Jasmine Togo-Brisby is a fourth-generation Australian South Sea Islander, whose great-great-grandparents were taken from Vanuatu as children and put to work on an Australian sugarcane plantation. Togo-Brisby's research examines the historical practice of 'blackbirding', a romanticised colloquialism for the Pacific slave trade, and its contemporary legacy and impact upon those who trace their roots to New Zealand and Australia through the slave-diaspora. Based in Wellington, Togo-Brisby is one of the few artists delving into the cultural memory and shared histories of plantation colonisation across the Pacific, her practice encompassing painting, early photographic techniques and processes, and sculpture.

Claudia Jowitt | 11 April – 5 June 2016

Claudia Jowitt is the 2016 recipient of the Tautai Trust / Dunedin School of Art artist residency. She completed a Masters in Fine Art at Elam School of Fine Arts, University of Auckland, graduating in 2015 and has a Bachelor of Art & Design (Hons) and Bachelor of Visual Arts from AUT. Jowitt’s distinctive abstract paintings are inspired by questions around the potential of painting as an object – an object that suggests a history of its method of construction. She is interested in the process of painting, and how the painterly action can both quietly reveal and hide such history. In 2008, Jowitt was selected for an international exchange program and accepted into the School of Fine Arts at Carnegie Mellon University, Pittsburgh, Pennsylvania. Her work has featured in a number of exhibitions in Aotearoa and internationally.  Jowitt’s work is housed in both public and private collections.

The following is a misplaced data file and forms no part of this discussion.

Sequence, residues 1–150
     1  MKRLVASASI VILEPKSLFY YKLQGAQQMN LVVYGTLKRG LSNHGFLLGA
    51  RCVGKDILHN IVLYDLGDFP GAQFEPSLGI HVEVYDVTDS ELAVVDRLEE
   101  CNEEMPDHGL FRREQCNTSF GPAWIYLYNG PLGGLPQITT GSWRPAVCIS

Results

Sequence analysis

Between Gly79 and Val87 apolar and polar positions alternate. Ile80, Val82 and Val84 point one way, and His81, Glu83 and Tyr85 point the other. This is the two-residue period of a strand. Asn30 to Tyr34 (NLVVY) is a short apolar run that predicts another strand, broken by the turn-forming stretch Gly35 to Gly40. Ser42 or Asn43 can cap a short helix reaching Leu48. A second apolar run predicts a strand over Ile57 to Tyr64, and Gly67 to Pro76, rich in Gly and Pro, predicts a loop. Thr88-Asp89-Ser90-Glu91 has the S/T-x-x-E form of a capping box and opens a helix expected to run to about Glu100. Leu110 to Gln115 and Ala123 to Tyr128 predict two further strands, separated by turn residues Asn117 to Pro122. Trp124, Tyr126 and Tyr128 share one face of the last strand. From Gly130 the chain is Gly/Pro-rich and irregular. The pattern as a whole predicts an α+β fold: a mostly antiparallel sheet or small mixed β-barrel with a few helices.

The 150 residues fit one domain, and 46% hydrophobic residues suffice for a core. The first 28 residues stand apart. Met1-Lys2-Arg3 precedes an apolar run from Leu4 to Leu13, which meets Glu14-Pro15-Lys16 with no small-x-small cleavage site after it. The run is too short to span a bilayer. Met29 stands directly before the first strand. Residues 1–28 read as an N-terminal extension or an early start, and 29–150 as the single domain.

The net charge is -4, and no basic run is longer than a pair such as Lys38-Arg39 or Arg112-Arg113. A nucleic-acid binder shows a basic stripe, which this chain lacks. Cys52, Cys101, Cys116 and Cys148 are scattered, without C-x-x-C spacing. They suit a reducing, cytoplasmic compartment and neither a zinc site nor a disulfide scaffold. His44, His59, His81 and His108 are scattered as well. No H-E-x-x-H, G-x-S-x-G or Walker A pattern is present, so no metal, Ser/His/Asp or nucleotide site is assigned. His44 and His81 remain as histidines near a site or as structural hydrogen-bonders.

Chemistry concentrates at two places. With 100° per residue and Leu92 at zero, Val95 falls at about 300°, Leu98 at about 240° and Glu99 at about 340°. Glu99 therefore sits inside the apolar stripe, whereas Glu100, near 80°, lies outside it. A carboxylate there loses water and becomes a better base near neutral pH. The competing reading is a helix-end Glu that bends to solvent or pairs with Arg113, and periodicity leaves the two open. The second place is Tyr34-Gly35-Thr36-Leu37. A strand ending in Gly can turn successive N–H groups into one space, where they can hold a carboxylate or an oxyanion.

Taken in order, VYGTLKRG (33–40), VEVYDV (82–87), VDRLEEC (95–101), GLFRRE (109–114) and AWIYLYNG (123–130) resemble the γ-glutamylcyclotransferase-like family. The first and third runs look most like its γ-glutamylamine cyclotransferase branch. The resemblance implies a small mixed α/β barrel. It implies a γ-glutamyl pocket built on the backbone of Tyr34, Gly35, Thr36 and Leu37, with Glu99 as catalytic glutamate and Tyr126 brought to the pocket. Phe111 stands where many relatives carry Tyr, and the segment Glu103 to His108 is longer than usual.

Asia New Zealand Artist Residency

Our triennial Asia NZ residency is part of an arrangement between the Asia New Zealand Foundation and South Korean institutions. The initial partnership with The National Art Studio, Goyang changed to the Seoul Museum of Art’s SeMA Nanji Residency in 2017. It receives funding from The Asia New Zealand Foundation with the Seoul Museum of Art.

Yusam Sung  ǀ  26 June – 25 August 2018

Yusam Sung was born in 1978 in Korea. He graduated from Hong-ik University in South Korea and received an MFA from Long Island University, New York. He has been exhibiting his work consistently in New York and Seoul. The influence of space in his work is becoming more and more important. In recent exhibitions, space has existed as a part of the work, not as a means of showing the art works. The exhibition space and works are influenced by each other, and the entirely new space created is an environment that the viewer has not been seen visually before.

Kim Woojin ǀ 6 May – 31 July 2014

Kim Woojin’s project ‘Now and Here’ recorded images of scenes and local background sound from daily life in several international cities; Seoul, London, Nagoya, Hong Kong and Dunedin and used juxtapositions to pose questions about our ‘normal’ lives. These resulted in film and photographic installations and involved collaborations with locals and other artists.

Kyung-joo Kim ǀ 3 July – 30 September 2013

Kyung-joo Kim’s work investigated the structures, movement and flow of time in our urban environments through an interpretation of texts, conversations and relationships interwoven in her ‘sculptural drawing’. The works she created in Dunedin added to an ongoing series called "Analogue Drawing". 



Dunedin School of Art Residency

This autonomous residency supports artists contributing to the Dunedin School of Art’s wider community and receives a funding contribution from the Fred Staub Open Art Fund. It is open to expressions of interest from national and Trans-Tasman artists.

Amanda Watson | 10 July - 27 September 2021

Amanda Watson's practice explores how environments can be ‘actants’ in the making of paintings, and how the use of gesture and process in painting enables a multifarious and surprising experience of place to be revealed. This is interesting because it suggests that in the ‘give and take’ process a painter submits themselves to, where ‘the life of things and the artist’s own can intertwine’ (Schwabsky 2019, 25*), it is conceivable that painting can contribute to finding new ways to ‘see’ the world.